China to Wall Street: Yer Barred!

♠ Posted by Emmanuel in , at 10/04/2007 01:52:00 PM
For our dear non-UK readers, I need to explain the "Yer Barred!" reference in the title. There's this long-running TV advertising campaign by John Smith's bitter featuring a cranky barman at a pub. When patrons act foolishly by displaying gadget fetish, watching "housewife telly" instead of sports, or startling others with an obviously fake toupee, the barman takes umbrage by yelling "Yer Barred!" at the them and boots them out of the pub. (Watch the ads for a taste of English humor, or should I say, humour.)

In the same way, the Chinese have recently discouraged Wall Street firms from taking a slice of the action in the booming Chinese stock market, where the typical P/E ratio is, what, 40 to 50 or somewhere thereabouts. Unsurprisingly, Wall Street has been looking on excitedly at the prospect of participating in Chinese equity bourses. Given the requirements of the WTO General Agreement on Trade in Services (GATS), a degree of financial services liberalization would be expected. While Goldman Sachs and UBS were able to obtain minority stakes in publicly-held brokerages, later would-be entrants are finding more obstacles being put in their way. The access of financial service providers to the Chinese market is a point of growing contention between the US and China. (I've related the very high minimum requirements for obtaining a license to deal in RMB elsewhere.)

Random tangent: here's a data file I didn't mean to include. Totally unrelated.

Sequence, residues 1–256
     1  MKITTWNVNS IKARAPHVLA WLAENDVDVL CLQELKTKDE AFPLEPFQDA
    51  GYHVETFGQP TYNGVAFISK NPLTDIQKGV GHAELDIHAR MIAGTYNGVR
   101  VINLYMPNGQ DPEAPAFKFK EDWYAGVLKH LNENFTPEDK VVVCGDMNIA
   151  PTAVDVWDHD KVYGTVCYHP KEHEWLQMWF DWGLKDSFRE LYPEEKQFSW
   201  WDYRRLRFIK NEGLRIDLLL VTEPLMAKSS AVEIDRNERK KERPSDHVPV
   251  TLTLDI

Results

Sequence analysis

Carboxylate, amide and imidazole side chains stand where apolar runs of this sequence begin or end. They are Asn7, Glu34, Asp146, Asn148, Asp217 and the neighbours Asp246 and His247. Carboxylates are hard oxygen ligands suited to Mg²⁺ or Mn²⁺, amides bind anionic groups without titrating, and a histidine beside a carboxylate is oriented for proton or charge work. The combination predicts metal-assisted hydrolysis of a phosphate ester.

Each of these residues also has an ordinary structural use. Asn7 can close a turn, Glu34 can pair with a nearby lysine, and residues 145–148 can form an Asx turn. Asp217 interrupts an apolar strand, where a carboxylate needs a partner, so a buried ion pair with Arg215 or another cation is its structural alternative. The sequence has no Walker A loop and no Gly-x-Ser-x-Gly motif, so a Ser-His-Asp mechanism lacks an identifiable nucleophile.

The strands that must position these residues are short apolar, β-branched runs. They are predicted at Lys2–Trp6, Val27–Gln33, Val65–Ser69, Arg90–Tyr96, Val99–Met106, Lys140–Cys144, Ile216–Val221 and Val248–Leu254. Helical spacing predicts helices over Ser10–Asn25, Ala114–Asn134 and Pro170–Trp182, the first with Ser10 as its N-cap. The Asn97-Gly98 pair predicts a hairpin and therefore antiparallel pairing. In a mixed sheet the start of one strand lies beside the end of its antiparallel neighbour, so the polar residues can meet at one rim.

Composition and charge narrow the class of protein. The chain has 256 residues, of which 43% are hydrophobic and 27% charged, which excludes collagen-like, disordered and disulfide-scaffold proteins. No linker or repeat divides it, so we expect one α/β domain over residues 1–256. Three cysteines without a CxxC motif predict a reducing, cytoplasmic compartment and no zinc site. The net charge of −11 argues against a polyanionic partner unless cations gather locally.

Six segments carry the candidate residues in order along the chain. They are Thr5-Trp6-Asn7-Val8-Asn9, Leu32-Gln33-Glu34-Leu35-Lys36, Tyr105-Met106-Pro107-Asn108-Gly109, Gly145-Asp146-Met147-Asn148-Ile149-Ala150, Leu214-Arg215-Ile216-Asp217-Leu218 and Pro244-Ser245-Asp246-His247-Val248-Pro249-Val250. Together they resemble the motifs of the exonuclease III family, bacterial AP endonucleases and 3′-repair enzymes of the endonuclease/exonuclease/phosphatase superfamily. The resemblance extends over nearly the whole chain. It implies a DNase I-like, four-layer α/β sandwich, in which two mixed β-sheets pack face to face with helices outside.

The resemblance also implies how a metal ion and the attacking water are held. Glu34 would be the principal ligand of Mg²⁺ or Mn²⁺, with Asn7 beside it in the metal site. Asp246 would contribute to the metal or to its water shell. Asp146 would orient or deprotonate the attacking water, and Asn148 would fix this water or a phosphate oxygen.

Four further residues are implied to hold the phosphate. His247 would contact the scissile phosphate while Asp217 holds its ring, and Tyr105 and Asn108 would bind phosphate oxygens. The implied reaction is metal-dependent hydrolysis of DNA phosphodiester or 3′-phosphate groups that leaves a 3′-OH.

US Treasury Secretary Henry Paulson has been pressing the matter of financial services access in China with his counterpart, Vice-Premier Wu Yi. She had initially expressed that China would explore opening up of its financial sector more, but it appears China is now backtracking to go by this Bloomberg article. I cannot help but attribute this move to the general souring of US-China trade relations over subsidies, dumping, and intellectual property violations. IMHO, it's China's way of getting back at the US for applying those measures against China. In the no-!@#$ sweepstakes, expect haggling over access to Chinese financial services to be the next trade flashpoint between the US and China: